Problematics | Merry Xmas to all - Hindustan Times
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Problematics | Merry Xmas to all

Dec 25, 2023 03:01 PM IST

The headline is a Christmas greeting but is also a hidden mathematical puzzle. Can you solve it, besides distributing some goods for the festive occasions?

This being the time of the year when most people celebrate, with some of them going on holiday, a couple of easier puzzles might suit the occasion. There will be some readers, of course, who believe that the best way to enjoy a festive occasion is to solve some really tough puzzles, but I will store those tough ones for later.

Welcome to Problematics!(Shutterstock)
Welcome to Problematics!(Shutterstock)

Both puzzles this week, therefore, are suited to the occasion. Not only in terms of easiness but also in that they are tailored to Christmas. The first of two Christmas puzzles coming up.

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#Puzzle 70.1

A barkeeper sometimes sells 750 ml bottles of various types of liquor, and sometimes pours them out in pegs for those who don’t need a full bottle. During the Christmas season, he soon runs out of full bottles. He is left with six partly-filled bottles. One of them has just had a small peg poured out of it, with 713ml remaining. The rest, in descending order, contain 460ml, 437ml, 414ml, 368ml and 345ml.

A customer drops in. “Give me all the liquor you have,” he pleads.

“No way,” says the barkeeper. “I need to keep some for other customers.” He sells the customer some of the liquor, without disturbing the contents of any of the bottles.

A second customer arrives. “Give me everything you have,” he echoes his predecessor.

“No way,” the seller repeats. “I need to celebrate too.”

So, he sells some of the liquor, again without disturbing the contents of any of the bottles.

He then picks up the unsold liquor. “This goes home with me,” he tells the customer. “Merry Christmas, and good night.”

He locks up and heads home. On the way, he observes that the first customer had bought exactly twice as much liquor (in terms of volume) as the second customer bought after him.

Which bottles went to which customer, and which did the seller take home?

#Puzzle 70.2

The second puzzle is actually tougher than the first, but it is not my own and has been around for a long time. It is, therefore, quite possible that you have across it before. If not, you may find yourself spending a little more time on it than you spent on the first puzzle.

MERRY XMAS TO ALL

In the greeting above, composed of 10 different letters, each letter stands for a different digit. The four numbers are to be read as you would read any number composed of digits placed in the units, tens, hundreds and thousands positions. For example, if we had the letters K, N, P and U, and if K was 1, N was 2, P was 3, and K was 4, then the word PUNK would have represented the number 3421.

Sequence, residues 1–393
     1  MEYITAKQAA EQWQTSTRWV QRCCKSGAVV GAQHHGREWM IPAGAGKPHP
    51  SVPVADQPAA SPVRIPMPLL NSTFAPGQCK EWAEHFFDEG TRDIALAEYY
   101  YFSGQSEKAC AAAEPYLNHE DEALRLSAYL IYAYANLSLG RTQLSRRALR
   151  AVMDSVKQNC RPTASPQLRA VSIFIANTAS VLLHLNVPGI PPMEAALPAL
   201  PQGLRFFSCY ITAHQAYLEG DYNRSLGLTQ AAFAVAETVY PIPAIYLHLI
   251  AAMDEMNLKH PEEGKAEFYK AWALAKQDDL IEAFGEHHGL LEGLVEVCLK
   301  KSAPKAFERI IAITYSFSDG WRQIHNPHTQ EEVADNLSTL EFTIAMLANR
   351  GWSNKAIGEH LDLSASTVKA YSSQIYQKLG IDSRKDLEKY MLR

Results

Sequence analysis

To repeat, the digits 0-9 are all represented in MERRY XMAS TO ALL, and each letter stands for its own digit whenever it appears. Each of the four words, coincidentally, represents a number that is a perfect square.

What are those squares, and what digit does each letter represent?

Have a great season ahead. I have not yet made up my mind whether we should ring in the new year with easy or tough puzzles, but we shall definitely get back to more serious business in the week after that.

MAILBOX: LAST WEEK’S SOLVERS

#Puzzle 69.1
#Puzzle 69.1

#Puzzle 69.1

Hi Kabir,

The following table illustrates the solution:

It can be solved in reverse. After G's distribution of money, all of them have 640 each. Likewise for F and so on. Below the highlighted diagonal above, the money should be doubled at each step, and above the diagonal it should be halved at each step.

— Sundarraj C, Bengaluru

#Puzzle 69.2

Hello Kabir Sir,

The possible combinations are:

First word: STEEL, STOOL, SOTOL

Second word: MAGIC, GAMIC, MAFIC

— Abhishek Garg, Chandigarh

Thanks, Abhishek, for providing so many alternative words.

There was a mistake in the Wordle image when first published. The correct image, published later, ruled out the word STOLE. For fairness, however, I am counting STOLE as correct after it came from a couple of readers who might not have noticed that a change was made.

Solved both puzzles: Sundarraj C (Bengaluru), Abhishek Garg (Chandigarh), Yadvendra Somra (Sonipat), Professor Anshul Kumar (Delhi), Dr Sunita Gupta (Delhi), Ajay Ashok (Mumbai), Shishir Gupta (Indore)

Solved #Puzzle 69.1: Shri Ram Aggarwal (Delhi), Radhika Joshi (DPS Vasant Kunj), Kanwarjit Singh (Chief Commissioner of Income Tax, retired)

Solved #Puzzle 69.2: Anil Khanna (Ghaziabad)

Problematics will be back next week. Please send in your replies by Friday noon to problematics@hindustantimes.com

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  • ABOUT THE AUTHOR
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    Puzzles Editor Kabir Firaque is the author of the weekly column Problematics. A journalist for three decades, he also writes about science and mathematics.

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